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Get ready for the out-of-control bachelor party thats absolutely hilarious from beginning to end. There is a difference between getting older and growing up!
It's inevitable that The Groomsmen would invite comparisons to Wedding Crashers, but it's actually closer in spirit to Diner. Or Fellini's semi-autobiographical I Vitelloni, which writer/director Edward Burns has claimed as an influence. Sure, the film has its comedic moments, but it isn't a comedy. Sure, Burns and his on-screen pals can be louts, but that's where the similarities to the Owen Wilson/Vince Vaughn vehicle end. There's only one wedding in the picture and Paulie (Burns) doesn't need to crash it--he's the one getting married. His fiancée, Sue (Brittany Murphy, who worked with Burns on Sidewalks of New York), is pregnant, so the time has come. Paulie, a Long Island reporter, isn't sure he's ready for the responsibility of marriage and fatherhood. His best buddies, Dez (Mathew Lillard), T.C. (John Leguizamo), cousin Mike (Jay Mohr), and brother Jimbo (Donal Logue), aren't exactly helping to prepare him for the big day. That's because they've got problems of their own and because they're more concerned about getting the band together one last time (a humorous, if overly familiar plot device). Since 1995 breakout hit The Brothers McMullen, originality hasn't been Burns's strong suit and The Groomsmen is no exception, although the believable camaraderie between characters serves to distract from the clichés. --Kathleen C. Fennessy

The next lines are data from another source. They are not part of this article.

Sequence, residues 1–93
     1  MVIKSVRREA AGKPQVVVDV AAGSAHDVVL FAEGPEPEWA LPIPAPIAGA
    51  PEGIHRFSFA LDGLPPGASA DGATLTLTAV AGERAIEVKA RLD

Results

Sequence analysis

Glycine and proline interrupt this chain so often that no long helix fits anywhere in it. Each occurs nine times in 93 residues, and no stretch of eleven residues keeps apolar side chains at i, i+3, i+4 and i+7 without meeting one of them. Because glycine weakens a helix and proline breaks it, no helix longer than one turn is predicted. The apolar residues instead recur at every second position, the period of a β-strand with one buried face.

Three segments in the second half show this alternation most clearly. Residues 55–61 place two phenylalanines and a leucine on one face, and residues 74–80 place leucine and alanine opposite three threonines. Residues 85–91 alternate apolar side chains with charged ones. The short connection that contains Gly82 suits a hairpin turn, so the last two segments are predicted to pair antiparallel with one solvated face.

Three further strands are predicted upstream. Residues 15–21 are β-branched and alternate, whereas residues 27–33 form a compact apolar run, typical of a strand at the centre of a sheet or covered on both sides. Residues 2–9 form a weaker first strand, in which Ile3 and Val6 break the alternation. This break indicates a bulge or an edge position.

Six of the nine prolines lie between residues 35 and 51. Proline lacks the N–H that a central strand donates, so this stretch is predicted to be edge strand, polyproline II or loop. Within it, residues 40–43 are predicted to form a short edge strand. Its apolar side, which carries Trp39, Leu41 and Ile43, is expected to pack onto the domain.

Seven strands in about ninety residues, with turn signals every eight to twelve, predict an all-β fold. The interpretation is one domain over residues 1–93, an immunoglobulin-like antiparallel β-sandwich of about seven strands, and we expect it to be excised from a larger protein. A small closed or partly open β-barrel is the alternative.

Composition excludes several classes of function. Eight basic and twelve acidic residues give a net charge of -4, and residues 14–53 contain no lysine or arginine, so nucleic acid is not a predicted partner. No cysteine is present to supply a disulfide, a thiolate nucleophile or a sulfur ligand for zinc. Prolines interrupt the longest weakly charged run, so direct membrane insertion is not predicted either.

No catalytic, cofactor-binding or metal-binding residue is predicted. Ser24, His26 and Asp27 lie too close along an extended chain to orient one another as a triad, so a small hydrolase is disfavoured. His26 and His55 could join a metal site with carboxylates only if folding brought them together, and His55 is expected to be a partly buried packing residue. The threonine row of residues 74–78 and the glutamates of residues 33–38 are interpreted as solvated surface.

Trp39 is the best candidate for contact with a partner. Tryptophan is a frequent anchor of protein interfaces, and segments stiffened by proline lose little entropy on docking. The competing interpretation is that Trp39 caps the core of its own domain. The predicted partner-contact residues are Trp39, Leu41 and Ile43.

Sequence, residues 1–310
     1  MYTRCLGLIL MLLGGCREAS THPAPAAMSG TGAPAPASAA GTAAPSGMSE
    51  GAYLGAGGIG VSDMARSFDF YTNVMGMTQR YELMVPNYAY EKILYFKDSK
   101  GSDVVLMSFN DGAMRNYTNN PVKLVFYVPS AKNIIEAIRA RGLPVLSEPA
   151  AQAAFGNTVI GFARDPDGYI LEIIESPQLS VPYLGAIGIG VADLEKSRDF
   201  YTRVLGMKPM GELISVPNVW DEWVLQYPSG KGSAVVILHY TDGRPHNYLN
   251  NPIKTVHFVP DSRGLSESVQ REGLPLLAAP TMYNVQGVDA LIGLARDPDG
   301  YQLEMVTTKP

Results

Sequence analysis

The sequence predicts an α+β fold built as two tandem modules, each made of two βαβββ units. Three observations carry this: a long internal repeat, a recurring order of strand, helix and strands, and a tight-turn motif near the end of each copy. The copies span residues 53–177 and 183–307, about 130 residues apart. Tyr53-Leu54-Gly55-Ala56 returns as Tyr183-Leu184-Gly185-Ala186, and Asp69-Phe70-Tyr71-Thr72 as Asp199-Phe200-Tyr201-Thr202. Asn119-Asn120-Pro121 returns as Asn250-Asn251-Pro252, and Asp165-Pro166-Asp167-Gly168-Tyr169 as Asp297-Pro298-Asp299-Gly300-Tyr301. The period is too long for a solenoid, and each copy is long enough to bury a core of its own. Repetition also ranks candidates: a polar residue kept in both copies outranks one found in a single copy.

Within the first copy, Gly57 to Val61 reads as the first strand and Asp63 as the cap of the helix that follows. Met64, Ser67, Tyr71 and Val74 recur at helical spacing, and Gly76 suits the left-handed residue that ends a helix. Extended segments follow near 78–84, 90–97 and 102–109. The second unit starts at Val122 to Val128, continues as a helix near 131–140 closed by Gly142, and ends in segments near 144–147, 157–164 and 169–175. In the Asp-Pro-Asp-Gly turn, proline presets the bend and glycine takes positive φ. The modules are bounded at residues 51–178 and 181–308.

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The state of theatrical film release in 06 is such that this crowd-pleaser barely got out of New York and L.A., which is a shame; in a summer of overheated overpriced Hollywood flicks it was a nice change of pace. Of course, the dvd box has that "REAL GENIUS/ MODERN LOVE what where they thinking?" photoshop quality -- Burns is never seen wearing that ridiculous shirt at any time in the movie (it looks like its 1985 and he's going to the Flock of Seagulls concert or something), nor does he ever carry her on his shoulders like that. The theatrical poster showed the five guys in a bar having a drink, and that should've stayed the cover, as it didn't mislead the viewer. The film is a comedy, but it's not a WEDDING CRASHERS comedy, definitely more of a meeting of BIG CHILL or RETURN OF THE SECAUCUS SEVEN with THE BREAKFAST CLUB. Take a look.
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I think they all really want to hug the gay guy.